The Royal Palace in Phnom Penh is one of the most impressive architectural and historic highlights of the city. The Palace was built as the residence of the Cambodian Kings in 1866 and today is again occupied by the current King and the Royal Family. The golden roofs and towers are visible from the river promenade and many spots in the old town. It’s open to visitors and should be high on your list of things to visit in Phnom Penh!
After the establishment of the French Protectorate in Cambodia, the Cambodian capital and seat of the King moved to Phnom Penh and the Royal Palace was built in 1866, with a number of buildings added over the years. The palace follows traditional Khmer architecture and incorporates Thai, French and historic Angkorian touches, making it an impressive and unique complex.
You’ll enter the Royal Palace past the walls surrounding the compound and start in the Central Compound, with the beautiful throne hall with its white walls and columns, stepped roof and gleaming, gold-colored tower surrounded by lush, green gardens. It is still used for royal or state ceremonies, but on most days you can peek inside to get a good view of the hall!
To the left of the throne hall is the Moonlight Pavillion that’s still used for Khmer dance performances or royal banquets. It’s a large, open-air structure, although without the intricate decors of the throne hall.
Under renovation during my most recent visit, the Napoleon Pavillion was a gift of France in 1876 and is constructed right next to the wall facing the river!
Separated by two walls, the Southern Compound is also open to visitors and you can see the Silver Pagoda with the Emerald Buddha here, as well as a statue of King Norodom.
Near the entrance is a massive wall paining with detailed scenes of Khmer history – it’s worth a closer look!
You’ll also find a model of Angkor Wat that provides a good perspective of the massive temple from the Golden Age of the Khmer Empire.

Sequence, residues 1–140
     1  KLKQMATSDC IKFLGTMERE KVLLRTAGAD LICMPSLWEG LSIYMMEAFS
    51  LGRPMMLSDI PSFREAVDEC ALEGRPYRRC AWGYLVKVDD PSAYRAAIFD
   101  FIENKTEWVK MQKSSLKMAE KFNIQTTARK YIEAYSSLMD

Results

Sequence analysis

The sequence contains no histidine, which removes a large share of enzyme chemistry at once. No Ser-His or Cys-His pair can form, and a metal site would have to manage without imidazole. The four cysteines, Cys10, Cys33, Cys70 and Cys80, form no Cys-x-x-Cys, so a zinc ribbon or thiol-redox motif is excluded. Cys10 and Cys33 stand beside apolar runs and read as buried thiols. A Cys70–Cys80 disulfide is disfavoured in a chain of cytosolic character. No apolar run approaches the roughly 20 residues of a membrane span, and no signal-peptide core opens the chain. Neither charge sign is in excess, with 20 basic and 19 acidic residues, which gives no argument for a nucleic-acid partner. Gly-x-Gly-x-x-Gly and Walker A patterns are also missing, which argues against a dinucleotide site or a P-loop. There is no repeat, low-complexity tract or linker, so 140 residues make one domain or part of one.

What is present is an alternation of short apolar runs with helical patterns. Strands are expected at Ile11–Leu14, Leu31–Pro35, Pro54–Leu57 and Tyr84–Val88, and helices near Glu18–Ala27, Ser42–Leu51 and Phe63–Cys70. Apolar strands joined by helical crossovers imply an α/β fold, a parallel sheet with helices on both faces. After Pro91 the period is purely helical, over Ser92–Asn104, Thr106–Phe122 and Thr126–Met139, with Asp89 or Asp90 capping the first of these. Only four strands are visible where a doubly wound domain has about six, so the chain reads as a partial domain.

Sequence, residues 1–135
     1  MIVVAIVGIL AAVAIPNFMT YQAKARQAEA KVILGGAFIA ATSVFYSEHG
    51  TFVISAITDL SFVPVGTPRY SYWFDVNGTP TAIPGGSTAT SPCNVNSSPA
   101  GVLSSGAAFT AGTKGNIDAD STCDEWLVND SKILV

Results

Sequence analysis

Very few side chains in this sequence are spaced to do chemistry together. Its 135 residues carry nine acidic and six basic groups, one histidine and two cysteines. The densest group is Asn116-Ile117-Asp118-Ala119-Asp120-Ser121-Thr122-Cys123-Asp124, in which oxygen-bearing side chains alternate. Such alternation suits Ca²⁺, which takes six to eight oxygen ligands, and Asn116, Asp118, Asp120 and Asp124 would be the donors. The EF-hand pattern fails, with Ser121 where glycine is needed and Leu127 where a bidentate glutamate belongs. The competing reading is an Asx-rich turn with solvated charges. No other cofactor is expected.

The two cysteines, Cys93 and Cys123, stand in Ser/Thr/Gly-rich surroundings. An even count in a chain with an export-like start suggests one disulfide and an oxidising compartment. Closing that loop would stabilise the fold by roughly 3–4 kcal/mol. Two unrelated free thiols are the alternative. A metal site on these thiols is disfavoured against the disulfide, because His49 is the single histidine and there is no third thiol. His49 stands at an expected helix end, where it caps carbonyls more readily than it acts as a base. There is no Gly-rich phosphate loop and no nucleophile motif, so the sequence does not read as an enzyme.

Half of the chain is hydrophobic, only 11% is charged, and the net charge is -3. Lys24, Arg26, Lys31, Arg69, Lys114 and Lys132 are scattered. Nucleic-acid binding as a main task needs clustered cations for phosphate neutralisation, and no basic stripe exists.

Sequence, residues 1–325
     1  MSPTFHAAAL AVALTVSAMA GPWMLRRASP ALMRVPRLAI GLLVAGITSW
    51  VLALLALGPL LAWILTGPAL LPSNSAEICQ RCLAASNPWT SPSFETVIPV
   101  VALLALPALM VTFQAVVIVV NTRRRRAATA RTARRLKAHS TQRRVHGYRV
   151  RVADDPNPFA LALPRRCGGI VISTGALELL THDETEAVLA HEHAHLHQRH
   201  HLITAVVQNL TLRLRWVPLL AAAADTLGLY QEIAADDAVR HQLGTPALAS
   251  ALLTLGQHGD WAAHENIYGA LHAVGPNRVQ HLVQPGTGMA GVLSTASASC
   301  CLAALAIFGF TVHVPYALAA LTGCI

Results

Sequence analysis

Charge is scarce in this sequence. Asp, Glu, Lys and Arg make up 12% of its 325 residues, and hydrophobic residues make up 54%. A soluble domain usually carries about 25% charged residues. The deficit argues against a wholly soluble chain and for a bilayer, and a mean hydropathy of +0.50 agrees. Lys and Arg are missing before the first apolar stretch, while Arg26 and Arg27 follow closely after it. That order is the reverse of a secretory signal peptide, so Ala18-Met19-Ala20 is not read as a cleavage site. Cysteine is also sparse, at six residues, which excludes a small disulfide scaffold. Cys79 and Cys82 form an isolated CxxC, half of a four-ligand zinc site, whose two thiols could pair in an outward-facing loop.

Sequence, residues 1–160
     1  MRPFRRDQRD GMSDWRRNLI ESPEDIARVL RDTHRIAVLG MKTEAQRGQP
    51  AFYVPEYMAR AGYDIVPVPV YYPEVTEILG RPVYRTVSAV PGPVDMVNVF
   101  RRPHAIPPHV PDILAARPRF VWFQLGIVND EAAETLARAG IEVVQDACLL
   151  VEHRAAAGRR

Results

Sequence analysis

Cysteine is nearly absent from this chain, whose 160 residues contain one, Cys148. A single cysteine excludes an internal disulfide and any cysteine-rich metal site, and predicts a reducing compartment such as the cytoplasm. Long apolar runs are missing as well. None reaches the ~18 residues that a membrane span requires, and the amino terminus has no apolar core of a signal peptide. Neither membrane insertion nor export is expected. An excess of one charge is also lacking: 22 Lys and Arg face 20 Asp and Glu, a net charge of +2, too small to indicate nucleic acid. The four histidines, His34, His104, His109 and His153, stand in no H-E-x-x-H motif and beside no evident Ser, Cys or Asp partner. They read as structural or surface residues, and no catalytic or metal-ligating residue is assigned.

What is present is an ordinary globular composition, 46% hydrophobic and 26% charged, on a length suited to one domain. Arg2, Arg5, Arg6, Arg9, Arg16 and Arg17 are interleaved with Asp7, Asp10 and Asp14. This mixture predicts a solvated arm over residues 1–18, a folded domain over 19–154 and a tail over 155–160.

If you need a break from walking around (or all the tour groups), you can take a break on the little hill with a temple on the Southern side of the compound. Few people make the way up the stairs and you can relax a little on a bench among the trees!
At the exit, you’ll find additional exhibitions of royal carriages, golden thrones, elephant statues and other artifacts.
The Inner Court to the West with the private quarters and the Khemarin Palace to the North are of limits to visitors.
Travel Tips: The Royal Palace is open daily from 8:00-11:00h and 14:00-17:00h as of April 2018. I recommend to go early to avoid the crush of tour groups arriving a little later. The entrance fee is 40,000kip ($10) which is pretty steep for Cambodia. You can enjoy a walk through the compound on your own, plan at least 1h to see the majority of buildings. Or you can hire a guide at the entrance for an additional $10 and get more in-depth information of the palace and pagodas – worth the money, especially as a couple or group!
Please dress respectfully, shirts covering your shoulders and pants covering your knees – you are visiting some of the most revered sights of the Kingdom!
Bring some water – it’s hot in Phnom Penh and you are exposed to the sun for most of your visit.
You can combine your tour to the Royal Palace with a visit to the National Museum nearby for insights into earlier Khmer history and a collection of artifacts going back thousands of years!